Delhi government’s odd and even formula for restricting traffic comes to an end today. This was the second time in the last three months that the government has implemented this plan. The first time it did, there were school holidays and the climate was much cooler, and there was much more enthusiasm.
This time, it was implemented in the peak of summer from 15 to 30 April with schools in full swing. Though, parents dropping their children to school were exempted from the plan. The efficacy of the plan is quickly dropping as citizens do not like the inconvenience it brings and are looking at subverting. LocalCircles survey showed that almost 65% citizens are now looking at buying a second car if the plan is going to be regularised. This has increased from 42% in January when the last time this survey was done.
Citizens are always loathe to change their ways, even if it is for their betterment. And any change is always followed by the opposition that there are certain important changes that need to be incorporated if odd and even has to reduce traffic congestion in Delhi. It has been proven by several bodies that it does not bring down the overall pollution in the short term. If other cities like Bangalore, Chennai, Pune or even Kolkatta want to follow odd-even, they need to follow the three-point dictum.
First of all, make sure that the public transportation is able to meet the demands of the citizens when the plan has to be implemented. Increasing public transportation is not a short-term solution as it requires investment so should a city wait endlessly. No, it should not. It is important for citizens to be concerned about traffic congestion and pollution as much as the authority. And only an odd and even plan forces them to think and try alternatives. Citizens everywhere do not want to change their lifestyle. So, this push has to come from the government. So, cities must implement odd and even on a random basis, and also combine it with congestion charges for vehicles from suburbs. Almost every city has toll points from the suburbs. A congestion charge can alternate with the odd and even policy. These are not friendly measures and will always face opposition but they have to be implemented.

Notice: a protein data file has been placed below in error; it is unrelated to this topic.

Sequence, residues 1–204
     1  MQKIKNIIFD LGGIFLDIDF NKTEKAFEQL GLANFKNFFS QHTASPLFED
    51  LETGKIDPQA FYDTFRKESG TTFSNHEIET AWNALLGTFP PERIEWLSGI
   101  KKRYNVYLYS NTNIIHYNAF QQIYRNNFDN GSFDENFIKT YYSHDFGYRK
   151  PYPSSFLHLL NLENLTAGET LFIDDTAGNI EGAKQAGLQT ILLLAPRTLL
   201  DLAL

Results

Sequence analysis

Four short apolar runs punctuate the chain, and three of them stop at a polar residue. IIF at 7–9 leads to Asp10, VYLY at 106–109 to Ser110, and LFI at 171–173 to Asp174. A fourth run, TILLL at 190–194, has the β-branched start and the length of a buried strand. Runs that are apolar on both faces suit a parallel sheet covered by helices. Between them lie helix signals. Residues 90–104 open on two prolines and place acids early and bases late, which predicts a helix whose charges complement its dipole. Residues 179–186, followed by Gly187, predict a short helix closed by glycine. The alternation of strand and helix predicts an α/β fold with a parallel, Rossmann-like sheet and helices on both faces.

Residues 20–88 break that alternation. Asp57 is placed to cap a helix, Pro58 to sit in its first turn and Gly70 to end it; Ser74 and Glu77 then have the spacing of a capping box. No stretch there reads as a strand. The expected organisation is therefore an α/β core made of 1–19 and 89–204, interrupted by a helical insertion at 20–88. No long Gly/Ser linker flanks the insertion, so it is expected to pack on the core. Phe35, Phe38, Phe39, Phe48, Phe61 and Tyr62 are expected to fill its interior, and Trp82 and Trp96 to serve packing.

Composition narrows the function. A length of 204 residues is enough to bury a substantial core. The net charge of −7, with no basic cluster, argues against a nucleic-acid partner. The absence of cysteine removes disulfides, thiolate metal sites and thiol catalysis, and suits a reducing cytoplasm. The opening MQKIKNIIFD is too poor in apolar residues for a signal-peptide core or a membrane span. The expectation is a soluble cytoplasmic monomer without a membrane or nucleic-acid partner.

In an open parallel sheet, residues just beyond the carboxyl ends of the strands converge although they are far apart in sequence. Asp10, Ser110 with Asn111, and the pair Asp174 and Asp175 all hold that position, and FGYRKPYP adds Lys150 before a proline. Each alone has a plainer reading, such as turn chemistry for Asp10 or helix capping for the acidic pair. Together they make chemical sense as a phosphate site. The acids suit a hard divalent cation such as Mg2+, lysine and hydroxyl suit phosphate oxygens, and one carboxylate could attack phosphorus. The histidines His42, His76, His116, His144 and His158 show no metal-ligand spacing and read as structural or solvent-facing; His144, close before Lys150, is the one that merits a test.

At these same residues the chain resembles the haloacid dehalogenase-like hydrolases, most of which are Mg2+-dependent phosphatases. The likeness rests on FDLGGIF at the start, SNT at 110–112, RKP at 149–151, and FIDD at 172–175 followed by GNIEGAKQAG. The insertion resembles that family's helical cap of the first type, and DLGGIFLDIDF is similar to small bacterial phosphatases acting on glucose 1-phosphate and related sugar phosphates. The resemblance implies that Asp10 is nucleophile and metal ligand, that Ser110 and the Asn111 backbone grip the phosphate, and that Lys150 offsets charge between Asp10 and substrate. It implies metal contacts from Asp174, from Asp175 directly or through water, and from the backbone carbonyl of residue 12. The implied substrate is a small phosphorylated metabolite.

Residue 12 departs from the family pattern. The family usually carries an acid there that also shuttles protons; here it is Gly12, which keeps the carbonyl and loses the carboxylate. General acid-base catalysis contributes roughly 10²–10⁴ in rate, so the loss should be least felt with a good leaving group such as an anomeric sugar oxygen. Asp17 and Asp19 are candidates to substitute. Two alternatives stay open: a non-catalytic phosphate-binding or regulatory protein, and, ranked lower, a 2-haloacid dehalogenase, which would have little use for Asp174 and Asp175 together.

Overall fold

Secondly, prepare a sound policy on app companies providing bikes, auto or cars as taxi services. Demand for such services goes up during odd and even and it needs to be handled wisely. Delhi government used the stick to bar surge pricing by companies like UBER, OLA and other companies. This led the app companies to suspend the incentives for their drivers during the period of surging prices. As a result, the number of cabs available during the peak hours dropped. Though not everybody understands it and articles like this one from Mint further spread the myth. UBER and OLA are not marketplaces, though they would love to be seen as such. They do aggregate demand and supply but they are not transparent and due to the control they exercise, they are not market places. For instance, can you imagine a market place like Bombay Stock Exchange charging a 25% charge for every transaction, or not showing you the total buy or sell orders?